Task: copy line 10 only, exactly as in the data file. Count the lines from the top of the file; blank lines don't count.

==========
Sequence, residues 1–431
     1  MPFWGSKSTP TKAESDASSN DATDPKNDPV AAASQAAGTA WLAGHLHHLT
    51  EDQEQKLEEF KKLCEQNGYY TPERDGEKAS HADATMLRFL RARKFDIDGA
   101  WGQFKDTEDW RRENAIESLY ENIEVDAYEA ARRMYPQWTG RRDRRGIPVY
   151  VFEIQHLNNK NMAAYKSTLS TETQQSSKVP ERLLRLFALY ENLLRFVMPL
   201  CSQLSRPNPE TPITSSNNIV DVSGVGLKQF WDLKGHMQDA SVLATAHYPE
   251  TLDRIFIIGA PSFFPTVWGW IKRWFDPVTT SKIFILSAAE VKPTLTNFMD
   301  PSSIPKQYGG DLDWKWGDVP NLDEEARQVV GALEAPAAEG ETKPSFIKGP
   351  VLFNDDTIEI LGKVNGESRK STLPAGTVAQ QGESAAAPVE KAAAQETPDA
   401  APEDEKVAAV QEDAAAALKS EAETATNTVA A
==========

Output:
   401  APEDEKVAAV QEDAAAALKS EAETATNTVA A